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union with christ

Interview with Todd Billings on Union with Christ

Interview by Matthew Barrett –


I am pleased to have Dr. J. Todd Billings join me to discuss his new book, Union with Christ: Reframing Theology and Ministry for the Church (Baker Academic, 2011).  Dr. J. Todd Billings is Associate Professor of Reformed Theology at Western Theological Seminary in Holland, MI. An ordained minister in the Reformed Church in America, he received his M.Div. from Fuller Seminary and his Th.D. from Harvard. His first book, Calvin, Participation, and the Gift: The Activity of Believers in Union With Christ (Oxford, 2007) won a 2009 Templeton Award for Theological Promise, awarded internationally for the best first books of scholars in theology and religious studies. He is also author of The Word of God for the People of God: An Entryway to the Theological Interpretation of Scripture (Eerdmans, 2010).

You take a unique approach to doing theology, called a “theology of retrieval.” What is a theology of retrieval and what are the three prominent virtues to this approach? How can a theology of retrieval aid our understanding of union with Christ?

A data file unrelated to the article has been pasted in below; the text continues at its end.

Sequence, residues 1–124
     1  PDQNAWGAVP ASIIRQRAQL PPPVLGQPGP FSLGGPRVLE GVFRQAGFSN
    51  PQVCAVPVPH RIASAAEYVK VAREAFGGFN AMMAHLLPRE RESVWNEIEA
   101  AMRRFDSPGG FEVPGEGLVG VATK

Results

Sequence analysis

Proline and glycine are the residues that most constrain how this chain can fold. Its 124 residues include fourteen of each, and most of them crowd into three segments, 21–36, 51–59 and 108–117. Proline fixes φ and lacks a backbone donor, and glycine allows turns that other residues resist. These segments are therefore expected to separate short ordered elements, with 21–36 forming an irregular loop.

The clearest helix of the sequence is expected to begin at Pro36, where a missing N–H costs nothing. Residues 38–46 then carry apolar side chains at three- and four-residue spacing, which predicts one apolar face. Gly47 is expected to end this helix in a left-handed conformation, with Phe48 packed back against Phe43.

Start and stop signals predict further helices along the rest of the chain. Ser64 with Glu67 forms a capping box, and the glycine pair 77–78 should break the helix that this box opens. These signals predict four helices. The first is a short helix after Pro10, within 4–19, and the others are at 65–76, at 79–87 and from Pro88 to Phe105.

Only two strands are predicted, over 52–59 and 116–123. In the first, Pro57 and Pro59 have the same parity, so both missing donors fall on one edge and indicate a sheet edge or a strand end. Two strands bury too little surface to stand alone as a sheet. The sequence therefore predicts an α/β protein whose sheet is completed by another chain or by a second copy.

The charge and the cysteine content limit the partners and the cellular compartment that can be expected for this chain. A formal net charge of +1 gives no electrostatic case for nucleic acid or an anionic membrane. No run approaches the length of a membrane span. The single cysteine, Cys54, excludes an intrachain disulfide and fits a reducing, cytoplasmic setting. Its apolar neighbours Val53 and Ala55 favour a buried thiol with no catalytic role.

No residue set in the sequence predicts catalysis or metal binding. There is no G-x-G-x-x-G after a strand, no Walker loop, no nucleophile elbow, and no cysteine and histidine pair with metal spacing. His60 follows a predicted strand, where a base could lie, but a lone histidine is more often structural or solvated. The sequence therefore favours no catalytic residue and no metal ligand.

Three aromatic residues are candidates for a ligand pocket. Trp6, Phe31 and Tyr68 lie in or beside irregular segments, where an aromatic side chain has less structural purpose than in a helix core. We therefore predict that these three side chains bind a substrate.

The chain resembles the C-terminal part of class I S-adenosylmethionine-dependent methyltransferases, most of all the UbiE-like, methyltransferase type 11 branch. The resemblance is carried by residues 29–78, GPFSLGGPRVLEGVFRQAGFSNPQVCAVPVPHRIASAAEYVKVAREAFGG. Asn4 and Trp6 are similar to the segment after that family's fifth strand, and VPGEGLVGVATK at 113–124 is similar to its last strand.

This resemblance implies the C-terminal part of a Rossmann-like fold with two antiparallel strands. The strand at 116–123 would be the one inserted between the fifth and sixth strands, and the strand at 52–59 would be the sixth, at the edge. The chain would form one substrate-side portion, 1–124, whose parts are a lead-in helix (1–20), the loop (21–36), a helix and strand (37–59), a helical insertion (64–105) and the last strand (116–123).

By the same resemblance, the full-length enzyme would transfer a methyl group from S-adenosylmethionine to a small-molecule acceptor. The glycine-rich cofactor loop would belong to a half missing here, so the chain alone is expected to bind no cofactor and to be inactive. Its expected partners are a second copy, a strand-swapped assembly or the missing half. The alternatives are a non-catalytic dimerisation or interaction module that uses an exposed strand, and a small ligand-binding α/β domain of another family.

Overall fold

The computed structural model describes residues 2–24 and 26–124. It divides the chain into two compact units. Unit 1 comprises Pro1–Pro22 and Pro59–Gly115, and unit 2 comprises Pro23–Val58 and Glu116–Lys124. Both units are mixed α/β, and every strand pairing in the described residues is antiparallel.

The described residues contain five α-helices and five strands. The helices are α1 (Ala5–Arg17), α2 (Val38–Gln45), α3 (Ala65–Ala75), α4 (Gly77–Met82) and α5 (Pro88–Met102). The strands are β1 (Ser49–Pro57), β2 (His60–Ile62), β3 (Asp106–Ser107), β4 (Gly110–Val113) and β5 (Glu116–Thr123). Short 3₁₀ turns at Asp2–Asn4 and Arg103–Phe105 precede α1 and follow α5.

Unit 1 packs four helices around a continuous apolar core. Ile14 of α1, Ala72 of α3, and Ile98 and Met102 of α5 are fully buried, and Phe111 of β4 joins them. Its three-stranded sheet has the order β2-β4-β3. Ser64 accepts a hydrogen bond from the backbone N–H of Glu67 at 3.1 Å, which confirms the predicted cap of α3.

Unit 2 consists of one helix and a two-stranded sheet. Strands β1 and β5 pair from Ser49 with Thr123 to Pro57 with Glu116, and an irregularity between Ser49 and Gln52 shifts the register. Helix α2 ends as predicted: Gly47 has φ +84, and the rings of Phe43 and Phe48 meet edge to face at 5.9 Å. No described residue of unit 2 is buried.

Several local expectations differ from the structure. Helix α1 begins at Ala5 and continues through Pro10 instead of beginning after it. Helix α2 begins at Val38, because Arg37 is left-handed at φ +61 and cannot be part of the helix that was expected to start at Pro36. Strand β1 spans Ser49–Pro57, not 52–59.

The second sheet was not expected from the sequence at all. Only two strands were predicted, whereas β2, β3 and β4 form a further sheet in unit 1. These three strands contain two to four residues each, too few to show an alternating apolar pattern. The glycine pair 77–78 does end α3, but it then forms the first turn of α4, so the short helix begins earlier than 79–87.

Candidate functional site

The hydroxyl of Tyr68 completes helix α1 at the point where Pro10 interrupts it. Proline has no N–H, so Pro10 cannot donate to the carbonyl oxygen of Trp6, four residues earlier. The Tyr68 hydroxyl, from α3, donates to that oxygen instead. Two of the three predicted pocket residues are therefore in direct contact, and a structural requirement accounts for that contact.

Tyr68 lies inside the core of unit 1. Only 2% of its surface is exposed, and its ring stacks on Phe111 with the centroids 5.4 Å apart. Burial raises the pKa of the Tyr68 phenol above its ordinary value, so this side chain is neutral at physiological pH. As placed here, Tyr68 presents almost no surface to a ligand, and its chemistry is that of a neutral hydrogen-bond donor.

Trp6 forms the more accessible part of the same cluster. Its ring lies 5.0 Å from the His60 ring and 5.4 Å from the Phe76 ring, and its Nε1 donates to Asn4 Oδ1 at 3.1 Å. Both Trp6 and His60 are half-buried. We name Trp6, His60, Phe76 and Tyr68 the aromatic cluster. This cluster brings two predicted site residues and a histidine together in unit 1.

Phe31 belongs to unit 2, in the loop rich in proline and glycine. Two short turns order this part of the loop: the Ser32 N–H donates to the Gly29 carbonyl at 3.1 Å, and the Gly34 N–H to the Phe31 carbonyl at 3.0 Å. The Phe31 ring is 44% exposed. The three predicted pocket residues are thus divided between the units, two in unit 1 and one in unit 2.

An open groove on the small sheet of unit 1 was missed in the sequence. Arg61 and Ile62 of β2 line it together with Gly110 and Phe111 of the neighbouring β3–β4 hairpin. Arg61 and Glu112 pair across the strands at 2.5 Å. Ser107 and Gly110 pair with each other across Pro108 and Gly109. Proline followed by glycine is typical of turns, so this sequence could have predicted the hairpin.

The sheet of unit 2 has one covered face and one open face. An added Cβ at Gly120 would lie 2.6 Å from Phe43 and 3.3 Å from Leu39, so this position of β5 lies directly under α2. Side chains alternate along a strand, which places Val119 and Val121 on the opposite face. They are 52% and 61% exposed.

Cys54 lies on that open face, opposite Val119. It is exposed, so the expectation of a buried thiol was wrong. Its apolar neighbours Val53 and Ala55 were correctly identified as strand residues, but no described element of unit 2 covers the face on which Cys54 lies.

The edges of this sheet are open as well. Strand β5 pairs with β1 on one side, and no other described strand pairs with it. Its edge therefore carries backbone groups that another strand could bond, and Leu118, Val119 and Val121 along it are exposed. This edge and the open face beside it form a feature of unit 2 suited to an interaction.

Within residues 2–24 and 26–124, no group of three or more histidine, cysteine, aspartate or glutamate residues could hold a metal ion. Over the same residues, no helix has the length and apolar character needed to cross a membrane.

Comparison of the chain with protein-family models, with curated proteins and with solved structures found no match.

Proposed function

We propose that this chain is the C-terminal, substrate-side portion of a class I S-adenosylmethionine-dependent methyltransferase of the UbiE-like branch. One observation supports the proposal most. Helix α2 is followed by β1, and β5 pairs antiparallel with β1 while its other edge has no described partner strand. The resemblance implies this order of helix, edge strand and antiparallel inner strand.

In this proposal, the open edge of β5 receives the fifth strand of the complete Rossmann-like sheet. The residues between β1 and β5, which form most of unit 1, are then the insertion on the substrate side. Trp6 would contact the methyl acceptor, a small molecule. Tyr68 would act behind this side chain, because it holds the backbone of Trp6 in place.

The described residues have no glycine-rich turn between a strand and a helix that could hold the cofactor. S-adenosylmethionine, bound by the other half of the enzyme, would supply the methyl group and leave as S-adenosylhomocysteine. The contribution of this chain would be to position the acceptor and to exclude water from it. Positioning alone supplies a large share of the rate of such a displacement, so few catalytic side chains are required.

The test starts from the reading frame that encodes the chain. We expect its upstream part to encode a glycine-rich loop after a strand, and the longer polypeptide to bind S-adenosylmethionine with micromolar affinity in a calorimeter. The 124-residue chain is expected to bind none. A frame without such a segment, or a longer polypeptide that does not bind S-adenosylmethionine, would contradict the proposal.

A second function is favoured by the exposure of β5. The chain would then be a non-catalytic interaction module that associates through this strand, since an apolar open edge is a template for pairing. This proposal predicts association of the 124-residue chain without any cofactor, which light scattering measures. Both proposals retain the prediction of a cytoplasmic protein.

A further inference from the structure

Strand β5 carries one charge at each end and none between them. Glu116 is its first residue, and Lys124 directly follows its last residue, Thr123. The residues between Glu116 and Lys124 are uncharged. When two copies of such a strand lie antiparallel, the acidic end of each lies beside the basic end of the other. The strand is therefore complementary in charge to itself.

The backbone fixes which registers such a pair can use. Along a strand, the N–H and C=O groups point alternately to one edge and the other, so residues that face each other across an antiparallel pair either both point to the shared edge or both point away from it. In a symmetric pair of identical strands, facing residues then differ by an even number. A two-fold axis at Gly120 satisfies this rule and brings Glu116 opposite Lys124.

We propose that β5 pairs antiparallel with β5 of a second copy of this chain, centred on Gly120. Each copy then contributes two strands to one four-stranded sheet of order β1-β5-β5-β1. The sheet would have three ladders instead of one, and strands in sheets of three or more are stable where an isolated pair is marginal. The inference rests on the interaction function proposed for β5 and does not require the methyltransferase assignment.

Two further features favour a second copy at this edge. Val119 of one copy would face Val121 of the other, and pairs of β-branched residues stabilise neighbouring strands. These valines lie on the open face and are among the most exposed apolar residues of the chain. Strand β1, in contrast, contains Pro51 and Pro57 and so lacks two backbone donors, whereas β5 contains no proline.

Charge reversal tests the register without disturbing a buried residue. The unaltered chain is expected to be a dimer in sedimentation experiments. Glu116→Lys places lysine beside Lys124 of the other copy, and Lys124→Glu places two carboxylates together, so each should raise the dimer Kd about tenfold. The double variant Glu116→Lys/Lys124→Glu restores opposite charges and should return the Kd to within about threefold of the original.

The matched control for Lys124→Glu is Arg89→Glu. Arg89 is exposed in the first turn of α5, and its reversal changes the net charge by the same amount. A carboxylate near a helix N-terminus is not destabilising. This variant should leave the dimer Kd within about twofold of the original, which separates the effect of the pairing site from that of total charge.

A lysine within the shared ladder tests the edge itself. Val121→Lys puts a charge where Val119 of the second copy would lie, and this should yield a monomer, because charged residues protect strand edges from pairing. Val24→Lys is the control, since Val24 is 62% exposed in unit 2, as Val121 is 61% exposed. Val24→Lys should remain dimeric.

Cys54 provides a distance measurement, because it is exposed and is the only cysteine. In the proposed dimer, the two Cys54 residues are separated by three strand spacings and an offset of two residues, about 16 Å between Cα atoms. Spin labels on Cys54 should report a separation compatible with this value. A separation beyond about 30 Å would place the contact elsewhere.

A theology of retrieval is an approach to theology described by John Webster, but practiced by a number of contemporary theologians of various traditions. It seeks to give close attention to significant theologians of the past – particularly before modernity – in order to call into question and reframe the contemporary theological discussion. The point is not to repristinate these past theologies, but to read past theologians in a way which allows for them to call us into question.

Here are three virtues: first, there are many ways in which we hold the gospel captive to our own cultural categories and trends. A theology of retrieval involves a cross-cultural interaction with those who came before us in the church which allows for our cultural idols to be exposed.

Second, in doing this, we can live into a deeper theology of the Word and Spirit in the church. We should not simply try to leap over 2000 years of history in interpreting the Bible – we need to read scripture with those who came before us since the Spirit was at work in them as well.

Third, there are certain periods in the church’s history which engaged the scriptures very, very deeply on certain biblical issues and themes. If you want to do a theology of retrieval on the Trinity, retrieving from the fourth and fifth century would be ideal. The discussions there were much deeper and more nuanced than our contemporary categories can handle. The same can be said for union with Christ in the era of the Reformation. There was very significant ferment about the biblical theme of union with Christ in the Reformation – which included addressing concerns about justification.